The Concerto for Piano and Strings is dedicated to Vladimir Kraynev, who premiered it in December 1979 in St Petersburg. The original idea for the work for piano and orchestra was for a cycle of ‘variations on a theme’. The theme, the elements of which undergo variation, actually crystallizes at the end, which is unusual. This principle of a form of variations and a final achievement of the theme in the genre of the piano concerto had actually been realised a few years earlier, in 1973 by Rodion Shchedrin in his Piano Concerto No3.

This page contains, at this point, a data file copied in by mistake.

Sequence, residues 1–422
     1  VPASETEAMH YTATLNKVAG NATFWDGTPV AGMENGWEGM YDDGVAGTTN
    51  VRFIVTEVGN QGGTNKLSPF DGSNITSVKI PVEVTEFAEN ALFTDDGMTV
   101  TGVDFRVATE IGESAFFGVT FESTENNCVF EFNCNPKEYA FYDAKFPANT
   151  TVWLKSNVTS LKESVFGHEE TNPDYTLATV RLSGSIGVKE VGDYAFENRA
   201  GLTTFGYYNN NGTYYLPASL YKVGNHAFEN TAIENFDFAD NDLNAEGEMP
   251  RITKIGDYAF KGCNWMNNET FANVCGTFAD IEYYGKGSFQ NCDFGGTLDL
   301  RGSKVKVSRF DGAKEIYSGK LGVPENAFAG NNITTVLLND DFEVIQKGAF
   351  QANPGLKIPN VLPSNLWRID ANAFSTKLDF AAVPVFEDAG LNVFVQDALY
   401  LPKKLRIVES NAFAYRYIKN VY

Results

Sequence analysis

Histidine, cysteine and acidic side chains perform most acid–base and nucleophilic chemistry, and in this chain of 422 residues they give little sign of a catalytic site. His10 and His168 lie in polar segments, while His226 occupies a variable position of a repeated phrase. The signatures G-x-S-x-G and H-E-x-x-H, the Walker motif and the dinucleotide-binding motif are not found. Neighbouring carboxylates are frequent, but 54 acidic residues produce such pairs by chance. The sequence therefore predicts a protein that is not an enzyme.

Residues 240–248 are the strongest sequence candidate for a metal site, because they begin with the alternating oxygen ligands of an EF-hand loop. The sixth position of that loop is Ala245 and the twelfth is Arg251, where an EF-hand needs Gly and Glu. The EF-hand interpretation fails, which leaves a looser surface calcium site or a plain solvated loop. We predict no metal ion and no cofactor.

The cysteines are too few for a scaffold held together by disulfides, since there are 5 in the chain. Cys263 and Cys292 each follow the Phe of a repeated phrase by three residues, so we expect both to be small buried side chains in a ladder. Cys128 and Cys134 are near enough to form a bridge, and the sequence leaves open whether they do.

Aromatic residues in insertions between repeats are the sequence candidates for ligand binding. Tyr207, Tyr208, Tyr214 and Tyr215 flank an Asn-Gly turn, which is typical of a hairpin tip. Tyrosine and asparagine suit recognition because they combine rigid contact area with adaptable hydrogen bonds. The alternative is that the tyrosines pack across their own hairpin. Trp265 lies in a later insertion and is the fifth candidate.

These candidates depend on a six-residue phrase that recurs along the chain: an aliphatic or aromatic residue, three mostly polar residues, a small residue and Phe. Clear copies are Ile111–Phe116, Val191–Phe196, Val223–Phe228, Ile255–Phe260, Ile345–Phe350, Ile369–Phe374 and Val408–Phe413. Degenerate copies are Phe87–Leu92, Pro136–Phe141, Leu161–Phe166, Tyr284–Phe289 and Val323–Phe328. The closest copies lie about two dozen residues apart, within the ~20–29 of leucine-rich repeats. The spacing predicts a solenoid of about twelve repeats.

Schnittke’s concerto ended the 1970s with a series of opuses in which the composer’s thinking and style are generally preserved: the Requiem, music to Schiller’s tragedy Don Carlos (1975), the Piano Quintet (1976), the Concerto grosso (1977), the Cello Sonata (1978), and the Third Violin Concerto (1978). Schnittke’s views were particularly influenced by Thomas Mann’s Doctor Faustus and his interpretation of the theme. Schnittke’s enthusiasm for the Faust question gave birth to the operas The Story of Dr. Johann Faustus, Life with an Idiot, and Gesualdo. In his Piano Concerto, the composer again attempts to raise the question of the philosophical meaning of human life. The concerto is in one movement, combining the principles of sonata form and variations. In his style of provocative stylistic thinking, Schnittke combines different genres and means here as well – successively the different variations sound like prelude, waltz, chorale, quasi jazz improvisation. The beginning of the reprise is marked by a bell, after which the theme of the variations itself appears as a summing up of all the music that has already been played. The concerto ends with a repetition of the opening introduction.